The Wall Street Journal reveals its ignorance of history in remarking that “global troubles have revealed how closely nations and financial markets have become intertwined.” Sovereigns have long relied upon bankers to finance debts. Bankers expect favors in return. Plutocracy is a hallowed tradition, ultimately based upon fostering an illusion of prosperity.
By rapid turnover in political office, with no accountability, democracy fosters government debt. Politicians must curry favor with their citizenry. What better way than fiscal lollipops that rot the teeth of rectitude.
In the process, priming the populace with lucre stirs the animal spirits to excess. Lovers of leverage, banks legally print money by lending many times more than their assets. Investors reel with the feel of a bon ton roulet.
Invariably, the roller coaster of financial folly jitters when confidence wanes. Financial crises are periodic crises of confidence: that the illusion of prosperity cannot be perpetually sustained.
The housing crisis of 2008 was a bubble pop of unrealistic asset prices; an epidemic inflation fostered by government laxity, with the financial sector happily playing along. It was but one in a long line of bank panics. Practically all the major recessions, and the Great Depression, were initiated by financial crises of confidence.
The cycle resets when a consensual sense of reality sets in, at least for a time. The markets that reflect commerce of substance drop in the wake of the sputtering financial engine that drives the illusion of prosperity.
The root illusion is that money can be made with money. To inflate the money supply without an increase in tangible assets necessarily creates an inflationary bubble that must pop.
No one protests the illusion while it lasts, even as Cassandras warn of what’s coming toward the invariable end of a cycle. Outcry accompanies the pop: investors facing a mauling by the bear market, and workers facing a system that provides no livelihood security. Workers are given a pasting while investors are assuaged.
When the ferris wheel of finance slows, the cycle spins back up: government must again prime the engine, giving more money to the financial sector that services government debt. Governments see no other choice. Hence the bailouts to banks while the unemployed go hungry and homeless.
The carnival ride of fiscal imprudence breaks down by lack of confidence in management of sovereign debt. Governments then put on an act of probity, by paying lip service to fiscal rectitude. This reeks of irony: supposedly seeing the error in fueling the engine that preserves the illusion of prosperity. Government can do nothing of the sort. Plutocracy is ultimately a crooked game of economic dissolution, but it is the only game in town.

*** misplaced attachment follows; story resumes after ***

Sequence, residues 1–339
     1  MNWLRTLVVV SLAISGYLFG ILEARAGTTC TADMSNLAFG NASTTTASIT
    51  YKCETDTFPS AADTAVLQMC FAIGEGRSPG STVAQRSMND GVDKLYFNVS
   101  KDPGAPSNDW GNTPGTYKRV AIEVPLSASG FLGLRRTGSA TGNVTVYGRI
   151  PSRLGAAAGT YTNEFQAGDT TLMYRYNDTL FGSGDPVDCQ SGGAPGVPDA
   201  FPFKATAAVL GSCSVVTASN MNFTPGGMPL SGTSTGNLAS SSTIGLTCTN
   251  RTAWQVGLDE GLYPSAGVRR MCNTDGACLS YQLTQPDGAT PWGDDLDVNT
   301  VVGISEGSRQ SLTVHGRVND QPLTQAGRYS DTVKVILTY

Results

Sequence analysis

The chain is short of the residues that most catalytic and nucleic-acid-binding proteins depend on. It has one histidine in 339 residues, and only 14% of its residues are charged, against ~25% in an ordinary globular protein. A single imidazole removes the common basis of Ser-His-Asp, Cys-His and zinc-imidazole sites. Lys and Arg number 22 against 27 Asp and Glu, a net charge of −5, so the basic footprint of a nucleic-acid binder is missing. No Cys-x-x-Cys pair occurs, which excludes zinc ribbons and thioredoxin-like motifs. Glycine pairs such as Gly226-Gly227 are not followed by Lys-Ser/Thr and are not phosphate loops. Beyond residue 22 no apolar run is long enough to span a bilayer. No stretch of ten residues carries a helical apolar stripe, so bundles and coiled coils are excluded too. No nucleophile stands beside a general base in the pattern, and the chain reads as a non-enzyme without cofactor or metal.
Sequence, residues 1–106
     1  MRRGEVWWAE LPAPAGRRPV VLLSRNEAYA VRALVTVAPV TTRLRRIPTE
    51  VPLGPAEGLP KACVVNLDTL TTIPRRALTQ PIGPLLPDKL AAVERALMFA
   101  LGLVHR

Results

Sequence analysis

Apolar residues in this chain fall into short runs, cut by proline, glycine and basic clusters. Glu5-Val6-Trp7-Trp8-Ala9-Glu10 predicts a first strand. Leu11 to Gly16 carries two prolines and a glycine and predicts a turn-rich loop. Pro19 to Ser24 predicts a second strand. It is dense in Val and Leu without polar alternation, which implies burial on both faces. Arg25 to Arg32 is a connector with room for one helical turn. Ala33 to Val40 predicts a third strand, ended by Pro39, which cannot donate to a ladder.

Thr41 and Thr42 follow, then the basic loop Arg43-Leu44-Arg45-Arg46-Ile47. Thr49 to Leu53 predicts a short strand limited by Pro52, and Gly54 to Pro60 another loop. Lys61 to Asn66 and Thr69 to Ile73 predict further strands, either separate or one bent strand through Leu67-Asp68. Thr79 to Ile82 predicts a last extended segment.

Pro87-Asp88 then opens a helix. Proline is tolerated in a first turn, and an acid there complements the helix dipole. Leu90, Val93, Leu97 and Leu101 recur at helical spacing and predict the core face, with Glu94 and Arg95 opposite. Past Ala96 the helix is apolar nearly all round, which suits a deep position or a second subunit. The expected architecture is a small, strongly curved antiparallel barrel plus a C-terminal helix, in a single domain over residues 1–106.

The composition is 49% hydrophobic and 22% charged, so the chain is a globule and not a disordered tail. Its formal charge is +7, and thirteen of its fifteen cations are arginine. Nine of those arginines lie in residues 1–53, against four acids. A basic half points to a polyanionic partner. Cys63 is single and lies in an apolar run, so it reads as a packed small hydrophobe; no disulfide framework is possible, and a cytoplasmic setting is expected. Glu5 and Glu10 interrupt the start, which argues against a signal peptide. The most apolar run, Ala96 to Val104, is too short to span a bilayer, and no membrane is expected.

There is growing realization that prosperity by mortgaging the future has inherent limits. The real economy has never been as robust as the politicians touted, or, in self-delusion, financial analysts projected. Governments that live by perpetually growing debt have never been sound in any sense.
The outcome is that everyday workers will pay for the sins of the moneyed. Governments see no other choice but to try to preserve the plutocracy that creates the illusion of prosperity. Government is not the will of the people, but the will of moneyed people.
The resolution of the current euro crisis is uncertain, though it will fall one of two ways: the breakup of the euro, or a patch job via euro bonds. Such patching seeks to foster the illusion of prosperity one more time. A breakup is much more fraught with immediate trepidation to what the future holds.
Hence one more turn of the wheel seems much easier. Deals will be cut. Understandings will be made. Nods and winks to get back to business as usual.
The turmoil will subside for a while. In the wake of renewing the illusion, the lives of working men and women will be diminished and lost to feed the machinery that feeds the illusion. Investors take a haircut while the lives of labor are mowed down.
The plutocracy must be preserved, or civilization as we know it will come to an end. The real economy’s back will be broken when the illusion’s spell is broken. This is the world that democracy and capitalism begat.
This folly is unsustainable. The larceny of the future has grown too large; the debt too massive. The false economy will inevitably grind down, leading to different violence than that which sustains it (the ongoing rape of the working class, via rent-taking by government and financial institutions (taxes and debt interest). Long live plutocracy.
Source: Jonathan Cheng et al, “Investors brace for slowdown,” Wall Street Journal (3 June 2012).